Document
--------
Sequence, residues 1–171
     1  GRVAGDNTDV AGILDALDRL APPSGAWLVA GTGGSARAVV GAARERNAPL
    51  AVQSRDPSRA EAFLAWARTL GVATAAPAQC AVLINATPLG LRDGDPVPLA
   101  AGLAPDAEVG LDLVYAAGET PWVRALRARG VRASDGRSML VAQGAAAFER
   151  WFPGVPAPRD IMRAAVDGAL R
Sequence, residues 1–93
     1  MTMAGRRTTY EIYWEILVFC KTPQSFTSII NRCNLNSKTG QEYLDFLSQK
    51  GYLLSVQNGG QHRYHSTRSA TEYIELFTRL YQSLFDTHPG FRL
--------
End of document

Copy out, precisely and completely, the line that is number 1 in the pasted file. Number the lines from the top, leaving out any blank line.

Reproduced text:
Sequence, residues 1–171